As for the first of those asserted steps, the idea that Sheahan "documented the problem" (a questionable proposition in itself) has no real relevance other than to reinforce the knowledge component of his deliberate indifference. Similarly, the related fourth step
does not explain how Willer's conferences with Clerk Pucinski's people serve to defeat Sheahan's liability, although he seems to imply that the real fault is entirely that of the Clerk. But this Court's June 1, 1993 opinion (the "Opinion," 1993 U.S. Dist. LEXIS 7569, at *3-*5) has already reminded the Sheriff that Murray, 634 F.2d at 366 forecloses efforts by defendants "to 'get off the hook' by merely pointing the finger at each other."
Sheahan must own up to the fact that if the warrant recall system as a whole was proving unreliable and error-prone, his continued reliance on that system could not be justified. Indeed, if anything Sheahan's first "step" cuts the other way: Despite his awareness of the problem, he took no measures to minimize its flaws (one such obvious change would be to have his own people get one of the color-coded copies of each recall order directly, rather than awaiting the delivery from the Clerk's Office personnel.
Sheahan's second step, employing cross-checks against the Clerk's quash list, is in much the same category: It provides only limited protection for members of the plaintiff class, and its patent deficiencies were not met by any efforts on Sheahan's part to improve matters. Thus Sheahan points to the fact that each month
a "quash list" (typically listing between 3,000 to 3,500 cases) has been provided to the FWD by the Clerk's Office to enable Willer to purge any recalled warrants incorrectly listed (for whatever reason) on SPWA as active (D. 12(m) PP 27-28). But importantly those quash lists comprise only felony cases (id. P 27; Makowski Dep. 63-64, 66), while large numbers of the members of the plaintiff class are persons picked up on invalid misdemeanor warrants, which are wholly unaffected by the cross-checking procedure (D. 12(m) PP 41, 62, 90).
If anything, Sheahan's practice of cross-validating felony warrants confirms his knowledge of the need for such a measure to avoid unwarranted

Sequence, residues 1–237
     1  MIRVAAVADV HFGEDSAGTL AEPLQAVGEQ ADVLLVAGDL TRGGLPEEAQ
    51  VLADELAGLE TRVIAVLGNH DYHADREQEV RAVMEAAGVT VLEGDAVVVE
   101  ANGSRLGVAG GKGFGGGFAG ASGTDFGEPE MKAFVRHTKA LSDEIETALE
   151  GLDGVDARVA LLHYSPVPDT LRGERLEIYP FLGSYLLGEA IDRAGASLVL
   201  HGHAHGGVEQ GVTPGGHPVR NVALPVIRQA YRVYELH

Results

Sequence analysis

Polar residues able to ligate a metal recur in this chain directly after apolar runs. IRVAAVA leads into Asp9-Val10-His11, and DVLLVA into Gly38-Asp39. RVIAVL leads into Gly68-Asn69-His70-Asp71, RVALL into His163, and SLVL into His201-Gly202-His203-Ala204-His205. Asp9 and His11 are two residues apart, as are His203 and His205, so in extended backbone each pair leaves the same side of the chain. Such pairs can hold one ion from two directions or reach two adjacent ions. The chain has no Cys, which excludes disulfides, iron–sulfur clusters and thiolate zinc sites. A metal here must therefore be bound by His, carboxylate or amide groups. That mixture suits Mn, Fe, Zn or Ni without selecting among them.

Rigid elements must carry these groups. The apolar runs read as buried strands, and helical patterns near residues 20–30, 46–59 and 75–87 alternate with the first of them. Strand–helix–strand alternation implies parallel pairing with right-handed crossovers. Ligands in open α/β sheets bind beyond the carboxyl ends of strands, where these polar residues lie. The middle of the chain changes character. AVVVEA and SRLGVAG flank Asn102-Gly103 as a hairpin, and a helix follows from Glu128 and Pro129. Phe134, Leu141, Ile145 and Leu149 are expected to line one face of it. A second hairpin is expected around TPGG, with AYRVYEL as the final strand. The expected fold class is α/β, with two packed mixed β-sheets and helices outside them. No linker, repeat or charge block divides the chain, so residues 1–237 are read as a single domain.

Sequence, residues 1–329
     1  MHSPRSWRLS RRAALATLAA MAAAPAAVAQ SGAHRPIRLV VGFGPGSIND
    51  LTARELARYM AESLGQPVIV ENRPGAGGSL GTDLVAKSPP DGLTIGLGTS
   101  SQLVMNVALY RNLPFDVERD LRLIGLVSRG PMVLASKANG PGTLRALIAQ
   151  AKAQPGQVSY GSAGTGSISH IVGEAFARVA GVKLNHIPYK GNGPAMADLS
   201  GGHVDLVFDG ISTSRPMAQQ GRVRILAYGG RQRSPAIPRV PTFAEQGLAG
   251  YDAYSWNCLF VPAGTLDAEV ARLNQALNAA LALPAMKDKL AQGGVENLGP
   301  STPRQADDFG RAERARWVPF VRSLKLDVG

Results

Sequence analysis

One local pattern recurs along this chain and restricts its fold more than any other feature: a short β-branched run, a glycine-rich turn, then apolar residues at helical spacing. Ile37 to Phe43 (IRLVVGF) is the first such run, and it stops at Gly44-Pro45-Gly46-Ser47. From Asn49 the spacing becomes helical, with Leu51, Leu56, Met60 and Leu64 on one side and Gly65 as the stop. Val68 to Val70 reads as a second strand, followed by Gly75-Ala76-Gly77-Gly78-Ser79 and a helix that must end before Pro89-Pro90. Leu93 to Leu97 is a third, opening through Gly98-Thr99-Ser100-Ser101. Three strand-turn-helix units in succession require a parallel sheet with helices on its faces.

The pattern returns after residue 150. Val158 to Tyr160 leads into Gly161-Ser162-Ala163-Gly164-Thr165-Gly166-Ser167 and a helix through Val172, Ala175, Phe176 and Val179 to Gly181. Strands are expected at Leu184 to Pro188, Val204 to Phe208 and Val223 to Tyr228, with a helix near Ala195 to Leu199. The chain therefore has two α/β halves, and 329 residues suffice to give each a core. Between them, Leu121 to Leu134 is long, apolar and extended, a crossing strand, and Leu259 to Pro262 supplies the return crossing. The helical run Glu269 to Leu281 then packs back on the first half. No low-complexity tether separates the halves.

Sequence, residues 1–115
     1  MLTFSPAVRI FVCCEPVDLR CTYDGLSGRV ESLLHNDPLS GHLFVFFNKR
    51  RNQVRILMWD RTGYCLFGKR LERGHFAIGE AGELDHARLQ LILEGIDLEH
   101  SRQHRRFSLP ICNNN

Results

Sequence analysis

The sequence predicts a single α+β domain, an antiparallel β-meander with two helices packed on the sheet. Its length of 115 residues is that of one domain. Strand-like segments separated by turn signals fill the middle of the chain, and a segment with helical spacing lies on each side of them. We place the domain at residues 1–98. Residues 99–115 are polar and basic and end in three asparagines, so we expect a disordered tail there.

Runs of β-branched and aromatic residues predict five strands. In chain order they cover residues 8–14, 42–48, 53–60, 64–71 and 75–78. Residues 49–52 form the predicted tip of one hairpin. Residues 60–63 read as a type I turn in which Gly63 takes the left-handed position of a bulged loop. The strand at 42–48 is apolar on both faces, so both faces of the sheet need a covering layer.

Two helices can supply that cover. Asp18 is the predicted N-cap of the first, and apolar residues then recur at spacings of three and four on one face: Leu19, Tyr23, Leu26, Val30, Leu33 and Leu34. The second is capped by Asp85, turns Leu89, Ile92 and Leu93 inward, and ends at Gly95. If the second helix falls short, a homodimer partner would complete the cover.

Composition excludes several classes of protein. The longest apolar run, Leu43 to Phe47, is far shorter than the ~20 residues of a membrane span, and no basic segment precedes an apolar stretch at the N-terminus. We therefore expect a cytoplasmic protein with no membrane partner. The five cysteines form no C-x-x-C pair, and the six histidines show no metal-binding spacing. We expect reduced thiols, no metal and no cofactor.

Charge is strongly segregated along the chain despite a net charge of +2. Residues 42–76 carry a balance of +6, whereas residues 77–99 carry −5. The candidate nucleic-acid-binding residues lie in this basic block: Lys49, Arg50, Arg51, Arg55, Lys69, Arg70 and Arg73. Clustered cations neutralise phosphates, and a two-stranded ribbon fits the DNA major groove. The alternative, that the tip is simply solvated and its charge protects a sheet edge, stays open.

arrests and detention, thus underscoring his indifference to the identical (and wholly uncured) problem that confronts persons who are named in already-recalled misdemeanor warrants.
In response Sheahan contends that he was not in charge of the formation or composition of the quash lists, because the types of cases (felony, traffic or misdemeanor) includable on the lists is dictated by codes "left in the hands of a state judicial officer, the Chief Judge of the Circuit Court of Cook County ([D. 12(n)(1) PP] 42-44)" (D. Mem. 12). That being so, Sheahan says that he "had no control over the coding of the warrant quash list or the Clerk's computer system generally and cannot be deemed to have final decisionmaking authority over the system as a method of validating the SPWA data base" (id.; see also D. 12(n)(2) P 128; Pucinski Dep. 71-73)).
Because that formulation of the problem asks the wrong question, it necessarily delivers the wrong answer. Although Clerk Pucinski's deposition (on which Sheahan relies for this point
) alludes to the Chief Judge's decision-making authority with respect to codes for traffic matters and is silent as to all other types of warrants, it may be assumed arguendo that state law also vests ultimate authority for coding misdemeanor warrant quashes with the Chief Judge as well. But that is really a red herring, because what is at issue is nothing more nor less than the formulation of a computer program--a purely mechanical task.
And Sheahan is unquestionably the final policymaker in his own sphere, able to request such a modification to correct a glaring imperfection in his own FWD system.
Yet nothing in the record even hints that Sheahan ever attempted to do anything to modify the coding arrangement. Sheahan does not suggest that he addressed even the most minimal of inquiries to the judiciary about obtaining access to the misdemeanor data, much less that he was rebuffed in that endeavor. Again it would be difficult to postulate a more conclusive showing of his indifference to the known threat to the constitutional rights of persons in plaintiffs' position. This opinion will later discuss Sheahan's admission that an independent mechanism exists for his acquiring the exact data at issue: direct access to the Clerk's database. More on that later, but for now it is plain that the judicial control over the coding process does not absolve Sheahan.
To return to Sheahan's several "steps," the third of them refers to his sending SPWA reports to local police departments for additional cross-validation. In the same curious way that he has invoked a cross-checking procedure that is critically impaired because it wholly omits misdemeanor warrants, here Sheahan refers to a once-partially-effective practice that has since been changed for the worse. Until 1988 the Sheriff's FWD sent monthly computer printouts of all active warrants to six or seven randomly selected suburban police departments (P. Mem. 24), a procedure that enabled those few police forces to eliminate many invalid warrants from their active rolls (P. 12(m) PP 126-28). But even that partial procedure was discontinued after Willer became the LEADS coordinator in 1988 (D. 12(n)(1) P 122). Instead of universalizing a practice that had proved effective in the limited areas of its operation, the FWD's new practice is to eschew any distribution unless requested specifically by one of the police departments (P. 12(m) P 122). Only a warped perspective could view a step backward as evidence of Sheahan's having addressed a known problem rather than exhibiting indifference to it.